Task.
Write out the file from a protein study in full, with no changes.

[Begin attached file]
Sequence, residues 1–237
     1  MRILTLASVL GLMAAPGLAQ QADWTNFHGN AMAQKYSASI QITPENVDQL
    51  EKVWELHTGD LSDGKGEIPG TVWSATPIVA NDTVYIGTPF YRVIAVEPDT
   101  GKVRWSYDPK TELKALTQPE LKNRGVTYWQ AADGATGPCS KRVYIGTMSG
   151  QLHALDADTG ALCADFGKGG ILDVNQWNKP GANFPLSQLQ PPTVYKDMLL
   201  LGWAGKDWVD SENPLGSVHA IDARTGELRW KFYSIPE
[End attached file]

Sequence, residues 1–237
     1  MRILTLASVL GLMAAPGLAQ QADWTNFHGN AMAQKYSASI QITPENVDQL
    51  EKVWELHTGD LSDGKGEIPG TVWSATPIVA NDTVYIGTPF YRVIAVEPDT
   101  GKVRWSYDPK TELKALTQPE LKNRGVTYWQ AADGATGPCS KRVYIGTMSG
   151  QLHALDADTG ALCADFGKGG ILDVNQWNKP GANFPLSQLQ PPTVYKDMLL
   201  LGWAGKDWVD SENPLGSVHA IDARTGELRW KFYSIPE